Directory of 54 Hospitals in West Virginia, USA
Evaluating the West Virginia hospitals - By the numbers
We are looking at Acute Care and Critical Access Hospitals. The number of hospitals is constant. Hospitals are rated on a scale of 1 to 5, 5 being the highest rating. A hospitals rating can improve or decline based on patient surveys and other reported quality measures. Not all hospitals receive a star rating.
Here is a breakdown of those CMS hospital ratings:There are 2 more hospitals with a five star rating which is higher than the previous year in West Virginia. Have the number of hospitals with 4 star ratings changed? The number of hospitals with a four star rating is higher than the previous year in West Virginia.
And how about hospitals in West Virginia with a three star rating? There are 7 fewer hospitals with a 3 star rating in West Virginia than the previous year.
And have the number of West Virginia hospitals with rating of 1 or 2 changed?
There is one more hospital with a 2 star rating in West Virginia than the previous year. The number of hospitals with a one star rating has remained the same at 2.
The directory of Hospitals of the States and Territories was last updated 1/29/2020.
List of Cities in West Virginia (with hospitals)
- Elkins (1)
- Fairmont (1)
- Logan (1)
- New Martinsville (1)
- Oak Hill (1)
About West Virginia
West Virginia is a state located in the Appalachian region of the Southern United States, and is also considered to be a part of the Mid-Atlantic Southeast Region. It is bordered by Pennsylvania to the north, Maryland to the east and northeast, Virginia to the southeast, Kentucky to the southwest, and Ohio to the northwest. West Virginia is the 41st largest state by area, and is ranked 38th in population. The capital and largest city is Charleston.
West Virginia became a state following the Wheeling Conventions of 1861, at the start of the American Civil War. Delegates from the Unionist counties of northwestern Virginia decided to break away from Virginia, which also included secessionist counties in the new state. West Virginia was admitted to the Union on June 20, 1863, and was a key border state during the war. It was the only state to form by separating from a Confederate state, the first to separate from any state since Maine separated from Massachusetts, and was one of two states admitted to the Union during the American Civil War (the other being Nevada). While a portion of its residents held slaves, most of the residents were yeomen farmers, and the delegates provided for gradual abolition of slavery in the new state Constitution.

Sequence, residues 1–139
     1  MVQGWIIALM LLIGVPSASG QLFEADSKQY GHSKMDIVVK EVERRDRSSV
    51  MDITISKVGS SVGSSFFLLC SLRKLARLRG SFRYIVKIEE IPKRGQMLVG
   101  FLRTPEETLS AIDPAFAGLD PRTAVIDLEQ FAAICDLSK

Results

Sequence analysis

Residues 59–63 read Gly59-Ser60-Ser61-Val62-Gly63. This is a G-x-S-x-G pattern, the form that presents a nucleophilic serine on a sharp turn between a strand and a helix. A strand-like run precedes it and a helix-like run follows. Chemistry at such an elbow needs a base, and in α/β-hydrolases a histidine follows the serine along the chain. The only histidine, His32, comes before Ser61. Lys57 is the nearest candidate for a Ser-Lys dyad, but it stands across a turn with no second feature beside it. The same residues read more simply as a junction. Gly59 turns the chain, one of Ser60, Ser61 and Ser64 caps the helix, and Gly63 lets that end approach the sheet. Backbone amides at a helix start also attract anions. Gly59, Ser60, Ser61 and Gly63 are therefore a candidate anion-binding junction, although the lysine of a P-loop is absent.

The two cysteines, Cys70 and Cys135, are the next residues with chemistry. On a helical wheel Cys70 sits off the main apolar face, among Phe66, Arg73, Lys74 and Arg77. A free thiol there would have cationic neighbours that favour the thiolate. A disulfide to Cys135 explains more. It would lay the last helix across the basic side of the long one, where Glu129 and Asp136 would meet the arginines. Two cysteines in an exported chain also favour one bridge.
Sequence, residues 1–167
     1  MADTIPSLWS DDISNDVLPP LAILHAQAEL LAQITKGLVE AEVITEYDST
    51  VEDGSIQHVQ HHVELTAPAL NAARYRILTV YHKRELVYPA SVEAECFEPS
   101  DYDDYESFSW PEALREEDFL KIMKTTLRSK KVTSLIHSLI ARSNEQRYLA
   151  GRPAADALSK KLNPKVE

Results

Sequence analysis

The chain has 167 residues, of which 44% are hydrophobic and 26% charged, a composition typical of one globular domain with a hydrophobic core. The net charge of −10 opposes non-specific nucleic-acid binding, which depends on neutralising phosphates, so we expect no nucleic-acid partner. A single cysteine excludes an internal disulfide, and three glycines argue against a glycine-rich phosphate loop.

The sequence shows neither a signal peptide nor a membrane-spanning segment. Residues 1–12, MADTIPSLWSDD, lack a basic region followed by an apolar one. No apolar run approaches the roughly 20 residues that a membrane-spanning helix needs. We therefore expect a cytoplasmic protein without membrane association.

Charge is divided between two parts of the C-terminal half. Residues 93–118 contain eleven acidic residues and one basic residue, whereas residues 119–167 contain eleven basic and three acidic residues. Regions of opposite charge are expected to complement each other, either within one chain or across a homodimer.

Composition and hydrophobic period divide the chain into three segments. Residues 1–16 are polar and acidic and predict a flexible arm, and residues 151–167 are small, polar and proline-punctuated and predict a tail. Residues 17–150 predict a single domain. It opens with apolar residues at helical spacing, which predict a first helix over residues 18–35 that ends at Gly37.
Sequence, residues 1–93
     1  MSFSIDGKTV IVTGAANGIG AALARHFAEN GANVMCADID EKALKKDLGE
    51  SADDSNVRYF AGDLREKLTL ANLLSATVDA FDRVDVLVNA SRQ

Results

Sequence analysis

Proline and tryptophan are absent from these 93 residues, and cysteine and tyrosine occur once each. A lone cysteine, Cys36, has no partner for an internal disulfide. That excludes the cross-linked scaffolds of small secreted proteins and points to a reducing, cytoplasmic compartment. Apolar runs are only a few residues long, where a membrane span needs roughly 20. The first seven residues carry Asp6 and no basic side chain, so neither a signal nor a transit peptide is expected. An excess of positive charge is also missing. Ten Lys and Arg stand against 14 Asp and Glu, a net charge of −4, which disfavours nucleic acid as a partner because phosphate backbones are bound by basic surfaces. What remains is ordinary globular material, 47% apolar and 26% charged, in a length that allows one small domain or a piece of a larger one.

The Census Bureau and the Association of American Geographers classify West Virginia as part of the Southern United States. However, the Bureau of Labor Statistics classifies the state as a part of the Mid-Atlantic region. The northern panhandle extends adjacent to Pennsylvania and Ohio, with the West Virginia cities of Wheeling and Weirton just across the border from the Pittsburgh metropolitan area, while Bluefield is less than 70 miles (110 km) from North Carolina. Huntington in the southwest is close to the states of Ohio and Kentucky, while Martinsburg and Harpers Ferry in the Eastern Panhandle region are considered part of the Washington metropolitan area, in between the states of Maryland and Virginia. The unique position of West Virginia means that it is often included in several U.S. geographical regions, including the Mid-Atlantic, the Upland South, and the Southeastern United States. It is the only state that is entirely within the area served by the Appalachian Regional Commission; the area is commonly defined as "Appalachia".
The state is noted for its mountains and rolling hills, its historically significant logging and coal mining industries, and its political and labor history. It is also known for a wide range of outdoor recreational opportunities, including skiing, whitewater rafting, fishing, hiking, backpacking, mountain biking, rock climbing, and hunting.